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Can Dogs Eat Sauerkraut?


As a canine nutrition expert with over 10 years of experience, I’m often asked by dog owners whether sauerkraut is safe and healthy for dogs to eat. The short answer is – yes, when served in moderation, sauerkraut can provide some great nutritional benefits for your furry friend!

In this article, I’ll share my expert insights on sauerkraut for dogs – what it is, the health benefits, how much to feed dogs, and potential risks to be aware of. Let’s dig in to the world of fermented cabbage!

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Can Dogs Eat Sauerkraut?

Can Dogs Eat Sauerkraut

Sauerkraut is finely shredded and fermented cabbage that offers a tangy, salty flavor. It’s a popular side dish in many cuisines and is most commonly associated with German and Eastern European food.

Sauerkraut is not inherently dangerous or toxic to dogs when eaten in small amounts. The main ingredients in sauerkraut are cabbage, salt, and water – all of which are safe for dogs. In fact, the live cultures formed through the fermentation process can provide some great probiotic benefits when served occasionally as a dietary supplement.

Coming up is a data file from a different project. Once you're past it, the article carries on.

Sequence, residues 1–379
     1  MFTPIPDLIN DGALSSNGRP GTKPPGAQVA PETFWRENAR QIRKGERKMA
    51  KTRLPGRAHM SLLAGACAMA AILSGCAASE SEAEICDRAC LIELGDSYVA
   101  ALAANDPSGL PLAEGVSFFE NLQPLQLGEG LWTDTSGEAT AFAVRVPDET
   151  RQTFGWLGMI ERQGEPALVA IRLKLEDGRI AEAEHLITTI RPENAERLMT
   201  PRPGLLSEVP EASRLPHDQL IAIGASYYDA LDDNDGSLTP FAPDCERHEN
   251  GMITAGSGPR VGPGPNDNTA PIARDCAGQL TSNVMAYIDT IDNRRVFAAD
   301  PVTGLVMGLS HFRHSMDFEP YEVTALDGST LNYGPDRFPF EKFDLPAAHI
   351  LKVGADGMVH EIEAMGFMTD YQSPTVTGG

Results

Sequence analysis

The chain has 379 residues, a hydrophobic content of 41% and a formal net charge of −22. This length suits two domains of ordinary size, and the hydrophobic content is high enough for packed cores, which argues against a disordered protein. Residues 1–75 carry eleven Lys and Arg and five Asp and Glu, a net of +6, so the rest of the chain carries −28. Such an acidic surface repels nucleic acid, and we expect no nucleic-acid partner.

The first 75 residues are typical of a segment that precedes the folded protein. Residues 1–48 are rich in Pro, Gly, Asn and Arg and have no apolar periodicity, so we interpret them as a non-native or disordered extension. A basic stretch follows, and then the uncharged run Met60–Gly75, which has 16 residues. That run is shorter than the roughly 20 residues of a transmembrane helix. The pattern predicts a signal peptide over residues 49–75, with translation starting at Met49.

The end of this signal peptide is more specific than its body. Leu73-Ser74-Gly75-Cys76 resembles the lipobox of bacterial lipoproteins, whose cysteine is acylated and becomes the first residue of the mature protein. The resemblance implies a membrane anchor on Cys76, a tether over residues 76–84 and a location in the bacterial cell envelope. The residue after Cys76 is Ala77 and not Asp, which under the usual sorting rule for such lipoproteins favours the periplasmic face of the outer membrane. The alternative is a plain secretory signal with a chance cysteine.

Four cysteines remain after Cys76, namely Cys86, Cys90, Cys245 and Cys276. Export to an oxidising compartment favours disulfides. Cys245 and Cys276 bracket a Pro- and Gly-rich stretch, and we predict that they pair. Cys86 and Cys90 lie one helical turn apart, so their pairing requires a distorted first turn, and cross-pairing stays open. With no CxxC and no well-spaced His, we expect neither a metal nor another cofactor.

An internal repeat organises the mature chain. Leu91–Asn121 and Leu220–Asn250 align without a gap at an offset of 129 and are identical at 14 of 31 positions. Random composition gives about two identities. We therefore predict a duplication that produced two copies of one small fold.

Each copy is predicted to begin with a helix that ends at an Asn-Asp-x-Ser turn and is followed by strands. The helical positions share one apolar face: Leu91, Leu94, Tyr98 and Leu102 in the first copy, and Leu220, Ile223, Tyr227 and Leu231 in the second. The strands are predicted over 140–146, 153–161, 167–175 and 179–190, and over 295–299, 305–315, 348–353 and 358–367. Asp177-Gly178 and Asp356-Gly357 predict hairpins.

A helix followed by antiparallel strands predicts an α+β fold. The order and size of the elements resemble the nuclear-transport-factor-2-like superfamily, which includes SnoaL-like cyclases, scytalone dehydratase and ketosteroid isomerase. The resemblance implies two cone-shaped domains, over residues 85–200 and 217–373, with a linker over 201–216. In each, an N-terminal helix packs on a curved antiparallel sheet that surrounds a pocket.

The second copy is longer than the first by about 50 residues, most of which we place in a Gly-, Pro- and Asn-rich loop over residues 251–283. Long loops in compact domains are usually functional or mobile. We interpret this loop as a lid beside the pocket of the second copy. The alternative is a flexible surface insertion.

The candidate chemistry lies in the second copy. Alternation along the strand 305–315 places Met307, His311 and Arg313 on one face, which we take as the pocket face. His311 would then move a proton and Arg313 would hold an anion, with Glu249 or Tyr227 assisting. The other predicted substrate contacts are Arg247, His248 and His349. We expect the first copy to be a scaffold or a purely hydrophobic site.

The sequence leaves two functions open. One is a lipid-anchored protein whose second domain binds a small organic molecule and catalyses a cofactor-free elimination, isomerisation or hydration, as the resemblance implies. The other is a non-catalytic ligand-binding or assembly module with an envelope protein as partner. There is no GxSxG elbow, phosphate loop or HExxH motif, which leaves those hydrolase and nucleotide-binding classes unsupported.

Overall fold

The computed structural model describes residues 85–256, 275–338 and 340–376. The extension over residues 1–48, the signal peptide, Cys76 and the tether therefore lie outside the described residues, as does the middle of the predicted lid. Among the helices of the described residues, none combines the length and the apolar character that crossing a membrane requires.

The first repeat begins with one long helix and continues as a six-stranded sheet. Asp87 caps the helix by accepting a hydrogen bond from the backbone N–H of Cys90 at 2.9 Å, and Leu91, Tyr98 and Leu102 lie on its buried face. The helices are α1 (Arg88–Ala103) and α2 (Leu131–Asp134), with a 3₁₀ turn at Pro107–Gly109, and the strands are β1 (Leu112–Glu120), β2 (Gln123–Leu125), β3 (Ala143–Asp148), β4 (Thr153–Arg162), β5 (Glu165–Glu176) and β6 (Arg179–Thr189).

Of course, moderation and proper preparation is key when feeding sauerkraut to prevent digestive issues. Later in this article, I’ll provide my expert guidelines on how much sauerkraut dogs can eat, serving suggestions, and signs to watch out for if your dog eats too much.


What Are The Nutritional Benefits Of Sauerkraut For Dogs?

Here are some of the top nutrients and compounds dogs can gain from sauerkraut when served occasionally in moderation:

Probiotics – The live bacterial cultures create probiotics that support healthy dog digestion, improve immunity, and may help conditions like diarrhea or irritable bowel disease. Lactobacillus is one of the main “good bacteria.”

Prebiotics – Sauerkraut contains oligosaccharides which act as fuel for probiotics to thrive. The combination of prebiotics and probiotics make sauerkraut a prebiotic.

Vitamin C – Raw cabbage contains this powerful antioxidant vitamin. Vitamin C boosts dog immunity, wound healing, skin/coat health, joints, and fights disease.

Vitamin K – Necessary for proper blood clotting and bone metabolism in dogs. Deficiency can cause bleeding disorders.

Vitamin B6 – Aids dog metabolism, brain development, immune health, digestion, and nutrient absorption.

Fiber – Both the cabbage and live cultures provide insoluble fiber that promotes regularity and digestive health in dogs.

Minerals – Sauerkraut contains small amounts of beneficial minerals like iron, calcium, magnesium, and potassium for dogs. Adds variety.